If you decide to pay off your mortgage early, commit to a strategic plan

You’re committed to paying off your mortgage early, but how should you do it? That all depends on your financial standing and comfort level. “I don’t feel that one method of paying off your mortgage early trumps the rest,” says Moore. “The best decision for you is based on your current mortgage terms, financial situation, risk tolerance, and personal goals.”

To determine a strategy for paying off your mortgage, select a method that suits your financial profile. If you receive a pay raise, for example, you may want to commit that extra $200 every month to your loan payment. But if you receive a one-time inheritance, you might consider a single, lump sum payment to reduce your principal loan balance.

Pro tip: If you pay down your balance by submitting loan payments higher than your monthly minimum, Limbird says to make sure the loan servicing company applies the excess payment toward your balance, not as a prepayment for future months. Call your lender before you make the payment and confirm the company applies the correct amount to your balance when you receive your loan statement.

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Methods for paying off your loan early

Compare the following payoff strategies by calculating how each method impacts your interest savings and payoff timeline. Use an online calculator such as Freddie Mac’s Extra Mortgage Payments Calculator to run the numbers. Then select the solution that works best for you.

Bi-weekly payments, or one extra monthly payment each year

When you set up a bi-weekly payment schedule with your loan servicer, you pay half of your monthly payment amount every other week. At the end of the year, you end up making 26 total payments, which adds up to 13 monthly payments instead of the usual 12.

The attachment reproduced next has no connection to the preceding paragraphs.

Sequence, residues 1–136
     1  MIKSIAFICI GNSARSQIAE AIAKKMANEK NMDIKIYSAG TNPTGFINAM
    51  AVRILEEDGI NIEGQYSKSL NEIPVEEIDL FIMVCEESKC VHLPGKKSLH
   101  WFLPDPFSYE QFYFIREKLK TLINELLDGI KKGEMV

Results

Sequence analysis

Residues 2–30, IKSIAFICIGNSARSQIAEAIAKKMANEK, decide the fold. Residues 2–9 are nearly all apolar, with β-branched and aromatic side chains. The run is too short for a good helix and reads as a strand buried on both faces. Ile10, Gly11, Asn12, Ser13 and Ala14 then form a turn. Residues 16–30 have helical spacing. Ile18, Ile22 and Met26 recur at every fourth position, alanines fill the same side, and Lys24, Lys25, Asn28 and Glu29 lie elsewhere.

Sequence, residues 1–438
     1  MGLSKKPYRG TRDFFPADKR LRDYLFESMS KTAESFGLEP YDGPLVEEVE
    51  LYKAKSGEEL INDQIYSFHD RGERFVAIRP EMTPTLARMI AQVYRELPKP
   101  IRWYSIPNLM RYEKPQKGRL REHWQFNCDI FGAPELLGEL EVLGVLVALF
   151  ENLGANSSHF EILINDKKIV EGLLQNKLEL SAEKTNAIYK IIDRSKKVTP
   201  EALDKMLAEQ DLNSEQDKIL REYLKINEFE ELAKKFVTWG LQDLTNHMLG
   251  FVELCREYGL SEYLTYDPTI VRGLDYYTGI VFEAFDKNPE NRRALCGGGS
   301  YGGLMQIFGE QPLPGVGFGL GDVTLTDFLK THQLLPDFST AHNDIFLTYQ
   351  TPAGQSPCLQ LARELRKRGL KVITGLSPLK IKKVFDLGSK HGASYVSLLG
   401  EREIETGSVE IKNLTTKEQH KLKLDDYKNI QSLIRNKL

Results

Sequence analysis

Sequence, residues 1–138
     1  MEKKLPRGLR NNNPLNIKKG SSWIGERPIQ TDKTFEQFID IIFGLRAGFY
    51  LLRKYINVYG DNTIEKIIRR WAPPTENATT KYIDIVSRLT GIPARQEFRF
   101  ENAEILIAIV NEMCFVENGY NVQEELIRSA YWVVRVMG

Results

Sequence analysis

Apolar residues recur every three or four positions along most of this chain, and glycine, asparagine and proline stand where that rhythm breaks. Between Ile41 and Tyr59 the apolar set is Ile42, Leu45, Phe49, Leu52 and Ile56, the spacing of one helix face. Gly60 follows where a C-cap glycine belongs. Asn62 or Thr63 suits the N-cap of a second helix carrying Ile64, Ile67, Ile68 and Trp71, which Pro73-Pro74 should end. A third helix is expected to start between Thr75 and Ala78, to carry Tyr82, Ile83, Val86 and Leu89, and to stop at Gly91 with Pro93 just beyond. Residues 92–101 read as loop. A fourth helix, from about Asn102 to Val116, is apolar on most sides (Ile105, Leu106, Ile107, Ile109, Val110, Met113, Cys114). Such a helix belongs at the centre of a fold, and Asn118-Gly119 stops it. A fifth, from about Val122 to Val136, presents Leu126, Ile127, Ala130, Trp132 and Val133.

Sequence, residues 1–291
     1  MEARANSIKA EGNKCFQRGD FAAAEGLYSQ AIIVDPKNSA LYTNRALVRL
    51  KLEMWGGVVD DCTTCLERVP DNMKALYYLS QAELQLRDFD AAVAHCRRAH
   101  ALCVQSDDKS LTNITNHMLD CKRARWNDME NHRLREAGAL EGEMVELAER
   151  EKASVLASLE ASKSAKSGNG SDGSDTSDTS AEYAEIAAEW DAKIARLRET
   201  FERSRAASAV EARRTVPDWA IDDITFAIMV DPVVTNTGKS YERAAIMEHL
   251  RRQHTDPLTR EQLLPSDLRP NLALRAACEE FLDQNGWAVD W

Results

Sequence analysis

Some mortgage servicers charge a fee for this service, but the Consumer Financial Protection Bureau (CFPB) says you can also make monthly payments as usual and add a 13th payment on your own. You’ll achieve the same result.

Add to your monthly payment

You can also choose a specific dollar amount that you’re comfortable budgeting and commit to adding that figure to your monthly mortgage payment. So if you owe $1,000 per month, you may feel comfortable allocating an extra $100 for a total of $1,100 each month.

Since you aren’t obligated to make the extra $100 each month, you can always skip the add-on amount if you find yourself in a temporary financial pickle. On the flip side, you could also choose to increase the add-on amount if you find extra room in your budget.

Refinance to a shorter loan term

Another strategy is to pay off your mortgage early by refinancing to a shorter loan term. With the refinance strategy, you apply for a new loan that pays off your existing mortgage. If your current loan term has 24 years remaining, for example, you could pay off your mortgage sooner by applying for a 10-year mortgage. To determine whether refinancing fits your financial goals, calculate your interest savings and weigh the risk of taking on a higher monthly payment. And don’t forget — you typically incur closing costs when you refinance.

Moore points out that refinancing to a shorter loan term often requires a higher monthly payment amount — which you’re locked into for the duration of the loan. You’ll want to compare interest fee savings before you commit, she advises. “If your [current] interest rate is competitive and there are no prepayment penalties, it’s worthwhile to compare how much interest you’ll save with a refinance versus making additional payments,” says Moore.

Limbird also warns homeowners to consider carefully before choosing a shorter term and higher payment, particularly if your income fluctuates. If you rely on commissions or self-employment income, there’s a chance you could struggle with a higher payment during an economic downturn.

Lump sum payment

If you’d rather pay down your mortgage balance with a large chunk of extra cash, you could opt for a one-time additional payment. Your monthly payment remains the same, but a lower loan balance also reduces interest fees, which accelerates the balance payoff over time.

Weigh your options before paying off your mortgage early

Where you allocate extra funds can be a balancing act that requires strategic and individualized financial planning. Paying off a mortgage early can work well for one person’s finances but have a negative impact on another. If you’re in doubt, consult with a reputable financial advisor for advice that fits your specific situation. Ultimately, whether it’s a good idea to pay off your mortgage early or not depends on you.